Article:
He might want to put America's house in order first
Did Joe Biden really describe Poland and Hungary as “totalitarian regimes”?
Well, this is what he said at a recent ‘town hall’ event in Philadelphia: “You see what’s happened in everything from Belarus to Poland to Hungary, and the rise of totalitarian regimes in the world, and as well, this president [Donald Trump] embraces all the thugs in the world.”
Biden’s critics are convinced he’s made a serious gaffe — or has revealed his intention to punish countries whose elected governments dare to defy the liberal internationalist orthodoxy.
However, it’s important to note that Biden, like his opponent, is a rambler. The bit about Trump embracing “all the thugs in the world” was clearly the soundbite, which is what the mainstream media duly reported. The rest of what he said comes across as garbled filler and so shouldn’t be over-interpreted. It’s highly unlikely that a Biden administration would classify the Polish and Hungarian governments as “totalitarian” or even “authoritarian”. That would be rather awkward for US-EU relations given that Poland and Hungary are member states — and the EU requires its members to be democracies.
Still, can we expect a less indulgent attitude from the US to the elected populist governments of central and eastern Europe — and, if so, would this be justified?
There is some cause for concern in Hungary, where the government has an utterly dominant position over a weak and divided opposition. The situation isn’t remotely as bad as in Belarus, of course — and Biden was wrong to group the countries together.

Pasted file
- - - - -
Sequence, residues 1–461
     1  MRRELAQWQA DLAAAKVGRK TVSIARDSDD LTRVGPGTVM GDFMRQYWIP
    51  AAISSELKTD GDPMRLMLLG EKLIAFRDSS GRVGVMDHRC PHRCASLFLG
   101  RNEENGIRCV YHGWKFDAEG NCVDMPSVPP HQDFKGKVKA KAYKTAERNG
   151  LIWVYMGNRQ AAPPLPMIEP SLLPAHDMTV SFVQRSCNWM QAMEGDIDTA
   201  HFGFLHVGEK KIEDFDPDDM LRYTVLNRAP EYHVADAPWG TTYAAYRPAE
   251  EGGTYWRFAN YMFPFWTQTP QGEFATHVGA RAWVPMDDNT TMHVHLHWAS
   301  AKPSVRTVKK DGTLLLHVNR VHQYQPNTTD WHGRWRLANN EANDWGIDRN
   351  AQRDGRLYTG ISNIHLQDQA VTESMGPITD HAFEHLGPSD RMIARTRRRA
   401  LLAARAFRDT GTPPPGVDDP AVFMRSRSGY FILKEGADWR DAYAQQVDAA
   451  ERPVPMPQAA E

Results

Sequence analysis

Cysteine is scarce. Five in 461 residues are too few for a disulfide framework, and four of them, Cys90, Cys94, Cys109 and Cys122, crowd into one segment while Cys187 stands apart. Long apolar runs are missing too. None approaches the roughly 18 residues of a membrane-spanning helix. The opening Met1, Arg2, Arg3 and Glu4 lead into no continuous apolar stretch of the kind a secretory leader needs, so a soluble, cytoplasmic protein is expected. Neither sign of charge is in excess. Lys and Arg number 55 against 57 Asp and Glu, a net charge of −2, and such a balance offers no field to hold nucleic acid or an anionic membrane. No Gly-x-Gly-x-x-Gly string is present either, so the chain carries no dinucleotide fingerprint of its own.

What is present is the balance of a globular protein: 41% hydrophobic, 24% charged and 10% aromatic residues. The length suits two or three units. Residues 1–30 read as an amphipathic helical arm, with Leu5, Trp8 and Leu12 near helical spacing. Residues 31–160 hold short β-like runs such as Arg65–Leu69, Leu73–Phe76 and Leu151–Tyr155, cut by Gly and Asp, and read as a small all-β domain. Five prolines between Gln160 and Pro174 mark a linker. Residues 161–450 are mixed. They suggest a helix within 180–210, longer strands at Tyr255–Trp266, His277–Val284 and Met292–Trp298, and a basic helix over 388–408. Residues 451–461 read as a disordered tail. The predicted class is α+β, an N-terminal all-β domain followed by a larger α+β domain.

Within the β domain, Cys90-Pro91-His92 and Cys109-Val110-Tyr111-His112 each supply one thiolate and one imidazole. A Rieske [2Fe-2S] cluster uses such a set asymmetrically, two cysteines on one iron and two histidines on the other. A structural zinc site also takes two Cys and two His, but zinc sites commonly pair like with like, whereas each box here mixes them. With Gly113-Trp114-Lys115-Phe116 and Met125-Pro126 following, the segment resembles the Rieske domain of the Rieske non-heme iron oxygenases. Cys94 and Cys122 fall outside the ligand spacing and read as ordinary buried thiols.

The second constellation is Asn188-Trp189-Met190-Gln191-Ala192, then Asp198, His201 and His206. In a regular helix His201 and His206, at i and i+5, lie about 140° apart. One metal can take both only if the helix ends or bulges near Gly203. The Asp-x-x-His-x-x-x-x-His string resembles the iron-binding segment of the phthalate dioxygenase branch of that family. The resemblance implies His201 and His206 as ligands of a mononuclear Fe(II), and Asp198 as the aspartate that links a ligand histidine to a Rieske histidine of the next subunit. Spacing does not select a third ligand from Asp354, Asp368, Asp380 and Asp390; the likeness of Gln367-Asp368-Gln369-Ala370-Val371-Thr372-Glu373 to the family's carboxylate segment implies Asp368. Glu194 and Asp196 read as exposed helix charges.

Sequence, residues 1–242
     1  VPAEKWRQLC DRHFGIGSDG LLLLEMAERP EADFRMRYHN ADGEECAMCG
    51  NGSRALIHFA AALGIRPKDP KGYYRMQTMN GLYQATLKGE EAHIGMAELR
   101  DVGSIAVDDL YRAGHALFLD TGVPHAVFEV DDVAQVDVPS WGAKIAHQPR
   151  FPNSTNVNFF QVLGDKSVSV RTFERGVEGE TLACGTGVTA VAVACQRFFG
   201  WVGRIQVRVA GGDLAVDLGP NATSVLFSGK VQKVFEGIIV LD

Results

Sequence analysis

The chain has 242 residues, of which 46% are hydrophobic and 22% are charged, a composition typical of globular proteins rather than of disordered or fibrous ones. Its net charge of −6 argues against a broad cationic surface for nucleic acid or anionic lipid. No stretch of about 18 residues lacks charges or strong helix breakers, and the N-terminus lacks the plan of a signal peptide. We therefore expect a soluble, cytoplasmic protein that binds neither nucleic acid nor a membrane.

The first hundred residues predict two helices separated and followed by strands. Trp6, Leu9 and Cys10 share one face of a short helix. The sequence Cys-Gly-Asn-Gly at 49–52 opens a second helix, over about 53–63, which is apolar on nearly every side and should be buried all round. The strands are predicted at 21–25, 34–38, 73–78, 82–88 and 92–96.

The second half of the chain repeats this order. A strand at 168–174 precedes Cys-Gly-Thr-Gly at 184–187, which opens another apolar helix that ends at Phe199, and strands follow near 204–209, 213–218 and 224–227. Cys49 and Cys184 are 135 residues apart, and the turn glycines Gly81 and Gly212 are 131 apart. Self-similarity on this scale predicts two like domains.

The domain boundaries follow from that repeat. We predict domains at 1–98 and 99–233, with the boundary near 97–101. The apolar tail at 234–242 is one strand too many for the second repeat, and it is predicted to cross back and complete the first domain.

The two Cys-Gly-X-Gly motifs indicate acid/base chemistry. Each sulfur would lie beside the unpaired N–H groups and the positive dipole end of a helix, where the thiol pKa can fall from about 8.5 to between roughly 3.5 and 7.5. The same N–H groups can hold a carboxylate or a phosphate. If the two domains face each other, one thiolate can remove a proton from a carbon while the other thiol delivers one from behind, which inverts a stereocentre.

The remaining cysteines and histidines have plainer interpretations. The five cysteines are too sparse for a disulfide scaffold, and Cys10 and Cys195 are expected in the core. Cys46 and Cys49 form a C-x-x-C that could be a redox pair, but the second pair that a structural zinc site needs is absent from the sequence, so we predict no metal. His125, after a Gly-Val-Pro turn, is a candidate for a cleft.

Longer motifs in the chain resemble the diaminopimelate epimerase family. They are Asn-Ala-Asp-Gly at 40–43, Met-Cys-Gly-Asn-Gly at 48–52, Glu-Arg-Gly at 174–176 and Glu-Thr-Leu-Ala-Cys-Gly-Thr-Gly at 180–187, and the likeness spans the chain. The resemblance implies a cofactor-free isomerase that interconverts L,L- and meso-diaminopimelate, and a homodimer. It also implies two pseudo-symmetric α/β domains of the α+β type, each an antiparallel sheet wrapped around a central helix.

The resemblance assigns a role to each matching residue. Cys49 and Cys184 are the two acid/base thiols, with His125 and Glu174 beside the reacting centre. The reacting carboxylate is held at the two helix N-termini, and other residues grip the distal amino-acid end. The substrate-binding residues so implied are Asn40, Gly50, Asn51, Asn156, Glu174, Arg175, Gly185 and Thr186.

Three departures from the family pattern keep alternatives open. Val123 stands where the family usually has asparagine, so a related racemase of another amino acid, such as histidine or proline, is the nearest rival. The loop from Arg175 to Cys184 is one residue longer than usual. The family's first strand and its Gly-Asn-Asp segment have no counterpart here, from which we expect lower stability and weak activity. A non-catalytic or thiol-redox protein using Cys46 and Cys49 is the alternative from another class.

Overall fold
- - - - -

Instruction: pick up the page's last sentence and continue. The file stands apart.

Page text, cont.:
So there’d be nothing wrong with a Biden White House that expected more from America’s closest allies. However, its moral authority in this matter would require that standards be applied consistently. Let’s not forget that the EU country that’s been locking-up opposition politicians of late is Spain, not anywhere east of the old Iron Curtain. America might also want to put its own house in order before lecturing others — for instance by sorting out its shambolic voting system and doing more to protect free speech on university campuses.
And then there’s the toughest test of all: China. It’s all very well Biden accusing Trump of embracing all the thugs in the world — but, as President, would he maintain Trump’s confrontational stance towards Beijing or would he soften it?
After all, if you want to see what totalitarianism really looks like then try Tibet, Hong Kong or Xinjiang.